“As I have loved you, so you must love one another” — Jesus
There’s something remarkably poetic about laying down your life for someone who is taking it from you.
The paradox of love is that the moment we expect it—we lose it. Love reciprocated is payment. Love unearned is grace.
What if that’s the point of all of this? What if that’s what it means to be a Christian—to be a human? That we love each other, not in spite of our inadequacies, but in the midst of them.
Imagine being loved unconditionally in your worst state? And then loving others in theirs?
Peace and love, friends.
I can die, because I have life in Christ. I can be an utter failure, because Christ has won the cosmic victory for me. I can be unloved, because God so loved the world that He gave His son. I can feel ill-equipped because the Spirit that raised Christ from the dead lives inside of me. I can be broken and fragmented and damaged because Christ Jesus has come to make all things new. I can be stupid, because God takes the foolish things of the world and makes them strong. I can be weak, because in my weakness, He is made strong.
That’s why I no weapon formed against me can prosper. I never have anything to lose. We’re playing with the house’s money. Be brave!
Peace and love, friends.
Be careful little eyes what you see
It’s the second glance that ties your hands as darkness pulls the strings
Be careful little feet where you go
For it’s the little feet behind you that are sure to follow
Be careful little ears what you hear
When flattery leads to compromise, the end is always near
Be careful little lips what you say
For empty words and promises lead broken hearts astray
Sometimes today it seems that our personal relationship with God is treated as no more than a mere arrangement or understanding that Jesus and his Father have about us. Our personal relationship then only means that each believer has his or her own unique account of heaven, which allows them to draw on the merits of Christ to pay their sin bills…
But who does not think there should be much more to a personal relationship than that? A mere benefactor, however powerful, kind and thoughtful, is not the same thing as a friend. Jesus says, “I have called you friends.” (Jn 15:15) and “Look, I am with you every minute, even to the end of the age.” (Mt 28:20; cf. Heb 13:5-6)
Reading in the Gospel of John today, I came across a familiar story about Jesus in Galilee, when he comes to a paralytic by the Pool at Bathesda (chapter 5).
Anyway, it says that there were many people there waiting by the water, but Jesus only went to one of them. That’s always such a strange thing—when Jesus goes to one out of a crowd, and ignores everyone else around them. Why did He pick this person? Why not anyone else?
But as he approaches the man, he asks if the man would like to become well. The man responds that he has no one to put him into the water.
How funny is that? I think I understand why Jesus went to this man out of everyone else—this man was alone. This man thought he knew the cure to his joy—but he was unable to achieve it. Everyone else had someone…
And so, here are all these sick people, waiting by this water—because superstition tells them that it will heal them. They are convinced that once the water is stirred, if they can get into it, they will be healed. And so, all these paralytics have someone to help them in, but this one man is all alone, and unable to get into the water—and so, I’m sure he’s depressed and feeling hopeless and defeated. I can almost hear his words he was thinking: “You’re never going to get in. If only you had someone. This is just your life. You’ll always be messed up. You’re never going to become okay. Everyone else will… but not you.”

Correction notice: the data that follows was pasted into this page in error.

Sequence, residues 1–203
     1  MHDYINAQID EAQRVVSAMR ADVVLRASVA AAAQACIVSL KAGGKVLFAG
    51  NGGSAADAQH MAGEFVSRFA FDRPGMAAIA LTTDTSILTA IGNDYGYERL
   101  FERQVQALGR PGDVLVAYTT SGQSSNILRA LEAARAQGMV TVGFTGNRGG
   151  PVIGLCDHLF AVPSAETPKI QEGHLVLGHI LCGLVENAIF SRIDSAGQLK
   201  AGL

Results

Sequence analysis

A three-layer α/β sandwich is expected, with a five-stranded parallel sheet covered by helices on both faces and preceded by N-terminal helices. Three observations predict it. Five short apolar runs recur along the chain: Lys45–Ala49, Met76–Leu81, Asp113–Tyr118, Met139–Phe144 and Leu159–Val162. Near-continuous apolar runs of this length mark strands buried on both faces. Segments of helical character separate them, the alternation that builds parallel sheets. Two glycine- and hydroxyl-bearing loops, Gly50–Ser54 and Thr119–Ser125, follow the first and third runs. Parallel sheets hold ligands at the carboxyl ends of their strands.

I know these words, because these are the words I’ve heard in my own head…
And yet, Jesus comes to the man, and asks him a simple question: “Do you want to be well”—but the man goes back to his superstition. He believes that the only way to being well—that the only way to his joy, is through his means—the means that everyone else is going through.
How often do we do this? We think that we know the solutions to our problems. We think we know exactly what we need in our lives to fix everything… We pray to Jesus, asking Him to do what we know is going to be best for us… but the reality is that we are missing the whole point.
We sit beside our pools of superstition—anxious, and hoping someone will help us get what we want. We think that if we had more of a certain kind of person, or maybe just one person—that everything would be better. We think if we could get into a certain situation, or find one thing… or gain one thing… or achieve one goal, that we will be well…
And Jesus calls out to us: “Do you want to be well?” and we respond that all we need is ___________. And you can fill in that blank. We all have something that is keeping us down and depressed—that if Jesus asked us if we wanted to be better, we would know exactly what it would take to fix everything.
But Jesus doesn’t help the man into the water at all. He heals him. He tells him to pick up his mat and walk away.
Jesus doesn’t give us what we think will make us better. He heals us.
Jesus is our joy. He is our healer. We don’t need Him to change anything, take us anywhere—we just need to let Him be Jesus. Let Him be your joy. Let Him heal you. Don’t try to convince Him to fix your situation so that your life might look better—He knows that its all just superstition. The grass usually isn’t any better on the other side.
All we need is Jesus. He’s it. That’s it. That’s all there is—and He is more than enough.
And so, in the story, the man picks up His bed and walks. Let Jesus heal you with himself—not by giving into your solutions. Jesus helping the man in the water would do nothing—but Jesus speaking a word does everything. His words are life. Let Him speak to you.
Peace and love, friends.